When You Get Really Close to a Movie Screen, Film Emulsion Looks like…
Boiling Sand

With constant revelations of Republican politicians’ sex scandals coming at us like loads of spermatazoa in hot pursuit of an ovum, I thought it would be appropriate to write an appreciation of the best comedy ever created on American Hypocrisy and false puritanism: Richard Boleslavski’s THEODORA GOES WILD.

Barely remembered today, director Boleslavski’s career managed to intersect with the highpoints of early twentieth century theatre and film: he studied acting at Stanislavski’s Moscow Art Theatre where he was later director of its First Studio; he acted in a silent Carl Th. Dreyer film; on arrival in the U.S. he taught acting to Lee Strasberg and Stella Adler; then he was enticed to Hollywood when sound came in, where he directed Garbo and the Barrymores at M-G-M. In Horace McCoy’s 1935 novel, They Shoot Horses, Don’t They?, the male protagonist wanted someday to be a director and mentioned Boleslavski as one of his idols. But Boleslavski died before his 47th birthday: 1936’s THEODORA was his penultimate film.

And THEODORA is a brilliant work. Theodora Lynn lives in a small New England town where she teaches Sunday School and sings in the church choir. However, she is also the author of a scandalous best-seller under the pseudonym of Caroline Adams. On a clandestine business trip to see her publisher in Manhattan, she meets the book’s illustrator, Michael Grant, who pushes himself into her life — eventually trailing her back home and making a nuisance of himself in her hometown. His explanation is he wants to force her to be honest with herself and with those around her, and to live life with no compromises. Falling for the guy, Theodora comes out to the town fussbudgets, confesses her love for Michael, and hurries to his New York apartment.

However, there’s a catch: Michael is married.

He’s been estranged from his wife for 5 years. They both want a divorce. But Michael’s father is Lieutenant Governor and having a divorce in the family would smear his Family Values reputation.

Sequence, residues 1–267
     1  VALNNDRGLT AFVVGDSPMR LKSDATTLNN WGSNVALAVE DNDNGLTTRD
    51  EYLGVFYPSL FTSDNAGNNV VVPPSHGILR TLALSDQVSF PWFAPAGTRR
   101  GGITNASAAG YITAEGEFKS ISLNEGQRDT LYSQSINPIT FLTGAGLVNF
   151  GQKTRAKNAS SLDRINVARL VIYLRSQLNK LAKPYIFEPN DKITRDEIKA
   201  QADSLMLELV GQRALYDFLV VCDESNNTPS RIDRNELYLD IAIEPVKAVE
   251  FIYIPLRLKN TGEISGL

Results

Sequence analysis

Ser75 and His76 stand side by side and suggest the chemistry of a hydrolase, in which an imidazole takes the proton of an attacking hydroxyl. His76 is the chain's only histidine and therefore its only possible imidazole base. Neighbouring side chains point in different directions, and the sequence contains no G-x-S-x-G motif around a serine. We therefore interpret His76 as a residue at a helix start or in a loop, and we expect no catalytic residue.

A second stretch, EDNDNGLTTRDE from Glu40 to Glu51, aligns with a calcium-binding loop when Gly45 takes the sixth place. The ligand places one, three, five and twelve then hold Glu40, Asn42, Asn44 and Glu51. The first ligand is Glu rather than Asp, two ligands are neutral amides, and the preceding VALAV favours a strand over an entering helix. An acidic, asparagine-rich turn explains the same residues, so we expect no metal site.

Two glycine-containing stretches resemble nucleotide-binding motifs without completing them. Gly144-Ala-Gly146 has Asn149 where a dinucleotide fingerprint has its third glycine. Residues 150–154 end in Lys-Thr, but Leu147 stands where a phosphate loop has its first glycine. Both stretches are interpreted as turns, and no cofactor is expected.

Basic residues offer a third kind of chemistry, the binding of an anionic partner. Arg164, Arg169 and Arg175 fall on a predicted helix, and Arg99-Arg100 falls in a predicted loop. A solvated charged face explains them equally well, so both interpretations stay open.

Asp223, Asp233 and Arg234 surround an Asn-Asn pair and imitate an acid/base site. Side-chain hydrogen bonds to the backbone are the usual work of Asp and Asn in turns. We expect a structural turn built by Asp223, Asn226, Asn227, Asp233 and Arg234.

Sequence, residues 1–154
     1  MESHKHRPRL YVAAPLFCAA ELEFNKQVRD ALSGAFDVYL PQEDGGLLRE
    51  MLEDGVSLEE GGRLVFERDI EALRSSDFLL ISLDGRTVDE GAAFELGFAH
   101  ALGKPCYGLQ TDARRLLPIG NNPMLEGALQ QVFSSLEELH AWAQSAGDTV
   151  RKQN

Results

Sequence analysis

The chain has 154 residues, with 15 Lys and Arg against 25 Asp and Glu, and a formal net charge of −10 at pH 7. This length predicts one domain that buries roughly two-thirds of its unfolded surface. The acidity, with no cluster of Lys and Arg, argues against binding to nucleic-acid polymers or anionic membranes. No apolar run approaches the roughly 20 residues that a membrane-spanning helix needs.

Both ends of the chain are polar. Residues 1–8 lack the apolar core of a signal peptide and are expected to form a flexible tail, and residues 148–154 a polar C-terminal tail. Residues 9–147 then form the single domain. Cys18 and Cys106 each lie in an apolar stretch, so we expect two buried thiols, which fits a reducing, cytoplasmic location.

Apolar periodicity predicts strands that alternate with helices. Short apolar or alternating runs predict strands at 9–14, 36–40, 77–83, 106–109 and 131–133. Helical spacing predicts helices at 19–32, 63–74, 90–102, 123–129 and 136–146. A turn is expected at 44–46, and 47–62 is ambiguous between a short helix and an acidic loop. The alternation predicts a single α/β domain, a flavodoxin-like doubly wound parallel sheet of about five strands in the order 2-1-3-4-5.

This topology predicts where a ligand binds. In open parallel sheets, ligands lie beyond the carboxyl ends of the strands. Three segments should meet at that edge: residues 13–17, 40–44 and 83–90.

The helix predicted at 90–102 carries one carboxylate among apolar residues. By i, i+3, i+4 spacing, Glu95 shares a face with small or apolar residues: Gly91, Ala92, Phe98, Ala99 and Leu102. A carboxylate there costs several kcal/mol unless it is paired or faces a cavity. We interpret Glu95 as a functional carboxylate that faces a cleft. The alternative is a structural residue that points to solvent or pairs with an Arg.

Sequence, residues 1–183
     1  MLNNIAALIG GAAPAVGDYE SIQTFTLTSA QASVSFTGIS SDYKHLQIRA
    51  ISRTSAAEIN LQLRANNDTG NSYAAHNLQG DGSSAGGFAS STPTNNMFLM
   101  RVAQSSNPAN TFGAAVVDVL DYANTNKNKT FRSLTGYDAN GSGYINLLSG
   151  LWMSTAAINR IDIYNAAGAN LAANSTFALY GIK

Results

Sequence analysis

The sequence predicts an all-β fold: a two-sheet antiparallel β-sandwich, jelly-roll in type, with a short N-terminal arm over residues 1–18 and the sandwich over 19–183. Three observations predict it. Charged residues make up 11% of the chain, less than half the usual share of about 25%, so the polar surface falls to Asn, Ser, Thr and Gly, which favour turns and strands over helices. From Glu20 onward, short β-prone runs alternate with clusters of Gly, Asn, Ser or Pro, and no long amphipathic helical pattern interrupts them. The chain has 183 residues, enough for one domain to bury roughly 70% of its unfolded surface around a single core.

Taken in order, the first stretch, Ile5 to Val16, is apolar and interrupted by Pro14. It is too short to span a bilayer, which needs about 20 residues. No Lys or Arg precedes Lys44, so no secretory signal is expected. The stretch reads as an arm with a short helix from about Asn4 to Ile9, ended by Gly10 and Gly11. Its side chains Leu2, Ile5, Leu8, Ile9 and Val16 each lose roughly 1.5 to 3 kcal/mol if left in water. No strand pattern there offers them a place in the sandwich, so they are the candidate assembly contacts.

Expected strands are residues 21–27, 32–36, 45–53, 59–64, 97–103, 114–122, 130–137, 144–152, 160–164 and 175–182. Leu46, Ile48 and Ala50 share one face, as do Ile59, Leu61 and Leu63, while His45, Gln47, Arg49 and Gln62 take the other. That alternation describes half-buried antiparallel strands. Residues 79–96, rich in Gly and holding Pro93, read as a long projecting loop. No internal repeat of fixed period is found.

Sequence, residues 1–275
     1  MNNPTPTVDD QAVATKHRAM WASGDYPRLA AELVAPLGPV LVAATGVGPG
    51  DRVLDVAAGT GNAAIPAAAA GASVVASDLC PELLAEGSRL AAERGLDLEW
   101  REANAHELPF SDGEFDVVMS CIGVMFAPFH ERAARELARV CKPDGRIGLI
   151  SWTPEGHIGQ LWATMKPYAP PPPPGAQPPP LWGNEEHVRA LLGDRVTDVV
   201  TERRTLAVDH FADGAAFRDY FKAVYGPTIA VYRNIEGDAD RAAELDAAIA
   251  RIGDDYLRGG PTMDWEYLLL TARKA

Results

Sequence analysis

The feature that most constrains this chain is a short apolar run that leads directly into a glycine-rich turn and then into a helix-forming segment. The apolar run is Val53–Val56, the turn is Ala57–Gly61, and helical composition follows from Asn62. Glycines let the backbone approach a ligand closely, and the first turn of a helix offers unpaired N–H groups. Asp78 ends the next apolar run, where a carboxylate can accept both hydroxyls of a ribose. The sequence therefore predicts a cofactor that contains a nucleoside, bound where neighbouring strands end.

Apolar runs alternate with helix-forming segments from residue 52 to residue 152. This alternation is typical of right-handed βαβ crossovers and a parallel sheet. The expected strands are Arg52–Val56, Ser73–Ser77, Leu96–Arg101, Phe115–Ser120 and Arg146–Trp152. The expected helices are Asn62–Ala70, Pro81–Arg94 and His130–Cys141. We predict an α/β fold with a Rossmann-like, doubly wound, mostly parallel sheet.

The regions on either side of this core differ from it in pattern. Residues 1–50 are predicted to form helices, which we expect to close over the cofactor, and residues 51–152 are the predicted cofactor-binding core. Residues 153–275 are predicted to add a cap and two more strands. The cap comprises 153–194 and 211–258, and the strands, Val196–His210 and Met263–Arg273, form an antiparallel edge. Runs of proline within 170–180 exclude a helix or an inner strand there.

When Theodora discovers this, she goes wild!

THEODORA GOES WILD was a breakout role for Irene Dunne, who previously had been cast primarily in women’s weepie flicks. She was hesitant to give comedy a try, but evidently Boleslavski awoke great comedic gifts inside her. (Cary Grant said she had the most perfect comedy timing of any actress he’d worked with.) Her performance here, and in future comedies such as THE AWFUL TRUTH, incorporated wisecracking and slapstick but went far, far beyond either of these obvious means of generating laughs. As an actress Dunne embodied and lived the heightened wry humor of her comedies: for example, she and Grant improvised a lot of THE AWFUL TRUTH and between them they created and sustained an unparalleled bubbly universe in which they worked the ephemeral magic that acting can sometimes be. THEODORA also gave Dunne the second of her five Oscar nominations.

Michael (Melvyn Douglas) tries to contain Theodora (Irene Dunne) as she goes wild.

Michael (Melvyn Douglas) tries get a grip on Theodora (Irene Dunne)

While currently out of print, THEODORA GOES WILD has been announced to be part of an Icons of Screwball Comedy boxed set set for an August 2009 release. I’ve gone on record before as to the shortcomings of Sony and its treatment of the Columbia film archives; but let’s hope this is a Sure Thing.

Doug / PoMo Joan
PS — Once again, if you look hard enough during the Governor’s Ball sequence, you’ll see “Queen of the Dress Extras” Bess Flowers among the crowd.

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